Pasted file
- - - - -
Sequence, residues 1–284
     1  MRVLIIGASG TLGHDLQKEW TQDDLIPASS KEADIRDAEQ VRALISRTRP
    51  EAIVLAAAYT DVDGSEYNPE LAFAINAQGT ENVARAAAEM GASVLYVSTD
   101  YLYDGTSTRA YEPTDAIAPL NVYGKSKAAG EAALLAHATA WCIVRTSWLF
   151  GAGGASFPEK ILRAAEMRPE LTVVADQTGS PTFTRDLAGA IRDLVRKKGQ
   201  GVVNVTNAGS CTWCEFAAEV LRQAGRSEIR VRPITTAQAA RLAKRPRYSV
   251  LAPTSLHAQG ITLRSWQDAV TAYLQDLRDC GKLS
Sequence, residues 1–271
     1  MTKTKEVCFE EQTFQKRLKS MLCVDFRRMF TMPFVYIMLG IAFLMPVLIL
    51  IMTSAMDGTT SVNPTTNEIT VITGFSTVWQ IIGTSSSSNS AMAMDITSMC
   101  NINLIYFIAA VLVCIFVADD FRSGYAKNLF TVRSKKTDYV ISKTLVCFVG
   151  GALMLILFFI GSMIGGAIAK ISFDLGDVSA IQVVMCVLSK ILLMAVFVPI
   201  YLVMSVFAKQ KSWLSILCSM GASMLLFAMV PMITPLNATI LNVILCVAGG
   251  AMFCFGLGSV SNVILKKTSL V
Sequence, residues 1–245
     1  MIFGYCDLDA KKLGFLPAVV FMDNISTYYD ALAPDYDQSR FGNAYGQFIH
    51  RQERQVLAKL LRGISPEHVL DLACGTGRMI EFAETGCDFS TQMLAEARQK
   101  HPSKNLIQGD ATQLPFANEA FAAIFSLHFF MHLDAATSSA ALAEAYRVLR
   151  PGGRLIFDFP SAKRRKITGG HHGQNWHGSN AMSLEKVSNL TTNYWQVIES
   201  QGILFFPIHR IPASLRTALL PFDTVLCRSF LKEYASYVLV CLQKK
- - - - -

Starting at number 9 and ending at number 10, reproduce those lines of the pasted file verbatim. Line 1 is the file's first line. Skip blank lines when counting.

     1  MTKTKEVCFE EQTFQKRLKS MLCVDFRRMF TMPFVYIMLG IAFLMPVLIL
    51  IMTSAMDGTT SVNPTTNEIT VITGFSTVWQ IIGTSSSSNS AMAMDITSMC